Haazinu

Posted on September 16th, 2018

Deuteronomy 32:1–52 


By Rabbi Professor Marc Saperstein for ReformJudaism.org


Remember the Days of Old


Haazinu is powerful poetry, often difficult both in its language and in its message. The verses near the beginning of the parashah seem less a farewell address from Moses than a prophetic diatribe and fearsome warning. The basic pattern is clear: it speaks of the unmerited, beneficent gifts God gave to the people of Israel, their insensitive lack of gratitude and betrayal of their Benefactor, and the resulting divine anger leading God to a promise of frightful punishments, stopping just short of annihilation (Deuteronomy 32:8–26). The message is that in times when things seem to be going well, when the Jewish people are prospering, thriving economically, comfortable with their lives, they are most likely to forsake the Eternal and turn to false gods that begin to demand their loyalty and allegiance. Each generation may indeed draw a message for themselves about the implications regarding their own society.

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Vayeilech

Posted on September 9th, 2018

Deuteronomy 31:1–30


RABBI REUVEN FIRESTONE, FOR REFORMJUDAISM.ORG


On Repentance and Seeking Peace Above and Below


"And Moses went (Vayeilech) and spoke these words to all Israel" (Deuteronomy 31:1). This opening marks the beginning, not only of the parashah, but also of the long death scene for Moses that will not be completed until the very end of the Torah two portions hence. Traditional commentators noticed an unusual locution. Usually the Torah reads "And Moses spoke … " Only here does it say "And Moses went and spoke … "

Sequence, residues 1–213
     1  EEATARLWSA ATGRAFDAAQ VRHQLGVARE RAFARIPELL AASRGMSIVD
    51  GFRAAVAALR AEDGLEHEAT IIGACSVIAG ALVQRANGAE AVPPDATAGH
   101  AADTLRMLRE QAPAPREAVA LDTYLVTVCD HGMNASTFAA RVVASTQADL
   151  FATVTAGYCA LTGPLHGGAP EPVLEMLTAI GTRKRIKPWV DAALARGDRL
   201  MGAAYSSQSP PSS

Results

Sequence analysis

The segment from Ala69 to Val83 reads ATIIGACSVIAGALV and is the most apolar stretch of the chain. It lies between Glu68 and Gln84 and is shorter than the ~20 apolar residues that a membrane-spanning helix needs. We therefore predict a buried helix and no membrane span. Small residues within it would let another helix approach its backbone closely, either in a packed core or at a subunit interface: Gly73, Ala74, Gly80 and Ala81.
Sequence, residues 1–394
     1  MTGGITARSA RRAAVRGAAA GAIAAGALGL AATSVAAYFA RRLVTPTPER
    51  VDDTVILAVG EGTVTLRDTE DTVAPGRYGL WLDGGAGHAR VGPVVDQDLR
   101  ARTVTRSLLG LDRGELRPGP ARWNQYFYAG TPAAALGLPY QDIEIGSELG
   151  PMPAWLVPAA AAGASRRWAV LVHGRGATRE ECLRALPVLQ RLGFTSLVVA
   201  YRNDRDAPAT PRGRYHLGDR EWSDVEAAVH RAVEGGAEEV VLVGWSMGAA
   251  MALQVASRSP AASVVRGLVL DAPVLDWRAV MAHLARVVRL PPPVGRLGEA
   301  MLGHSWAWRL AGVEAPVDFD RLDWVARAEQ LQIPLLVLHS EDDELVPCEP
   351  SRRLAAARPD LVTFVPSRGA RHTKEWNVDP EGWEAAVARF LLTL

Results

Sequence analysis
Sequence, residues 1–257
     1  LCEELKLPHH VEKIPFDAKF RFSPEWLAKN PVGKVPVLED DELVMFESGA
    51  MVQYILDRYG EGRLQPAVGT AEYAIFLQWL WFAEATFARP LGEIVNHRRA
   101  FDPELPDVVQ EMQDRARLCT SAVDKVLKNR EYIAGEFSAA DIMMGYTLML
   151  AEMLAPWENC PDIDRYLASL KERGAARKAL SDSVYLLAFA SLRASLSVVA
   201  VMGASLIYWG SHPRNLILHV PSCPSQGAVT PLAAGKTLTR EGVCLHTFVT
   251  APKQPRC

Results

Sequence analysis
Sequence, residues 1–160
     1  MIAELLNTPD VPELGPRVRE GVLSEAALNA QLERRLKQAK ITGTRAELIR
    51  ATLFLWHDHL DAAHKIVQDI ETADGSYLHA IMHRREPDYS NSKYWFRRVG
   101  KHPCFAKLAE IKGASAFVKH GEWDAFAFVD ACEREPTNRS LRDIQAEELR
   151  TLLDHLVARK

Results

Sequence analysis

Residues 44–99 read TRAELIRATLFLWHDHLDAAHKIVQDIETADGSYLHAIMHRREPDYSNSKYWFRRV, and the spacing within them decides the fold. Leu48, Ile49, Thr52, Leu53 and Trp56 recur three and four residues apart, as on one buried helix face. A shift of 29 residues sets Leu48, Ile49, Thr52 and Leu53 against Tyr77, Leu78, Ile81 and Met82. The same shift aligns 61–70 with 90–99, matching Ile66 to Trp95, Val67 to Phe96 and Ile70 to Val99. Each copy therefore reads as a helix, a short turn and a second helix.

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Nitzavim

Posted on September 2nd, 2018

Deuteronomy 29:9–30:20 

 

By Rabbi Reuven Firestone for ReformJudaism.org

 

Collective Responsibility, One for All and All for One

 

Nitzavim comes in the cycle of Torah readings just before Rosh HaShanah and is particularly appropriate for the High Holidays because it stresses the importance of repentance. The tone of the passage is at once both lofty and terrifying.

It begins with Moses' inspiring address to the entire people of Israel shortly before he is to die, "You stand this day (Atem nitzavim hayom), all of you, before the Eternal your God — you tribal heads, you elders, and you officials, all the men of Israel, you children, you women, even the stranger within your camp, from woodchopper to water drawer" (Deuteronomy 29:9-10).


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Ki Tavo

Posted on August 26th, 2018

Deuteronomy 26:1–29:8 


By Rabbi Professor Marc Saperstein, for ReformJudaism.org


God’s Punishments: Or Are They?


Parashat Ki Tavo contains one of the most powerful and frightening chapters of the Torah. Fourteen verses (Deuteronomy 28:1–14) outline all the good things that will happen to the people if they obey God and faithfully observe all of the divine commandments. That’s “the good news.” Then come 54 verses (28:15–69) warning of the antithesis: the curses that will befall the people if they do not faithfully observe all the commandments. This is the most terrifying litany portraying various kinds of Jewish suffering in our classical literature. Because of its content, for years no one wanted to have the aliyah in which this passage was read, and it was sometimes given to the town fool. In traditional practice, it is chanted at breakneck speed in a soft voice, loud enough to hear but only if one strains a little.


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Ki Teitzei

Posted on August 19th, 2018

Deuteronomy 21:10–25:19 


RABBI PROFESSOR MARC SAPERSTEIN for ReformJudaism.org


When a Debtor Does Not Repay


Parashat Ki Teitzei is a treasury of Jewish legal and ethical literature. I would guess that more pages of the Talmud are devoted to the discussion of verses from this parashah than any other in the Torah. Many basic principles of marriage law and of civil law find their sources here — generally in verses that are by no means self-explanatory but require extensive discussion, interpretation, and application. The parashah is truly an embarrassment of riches that makes selection of a single topic very difficult.

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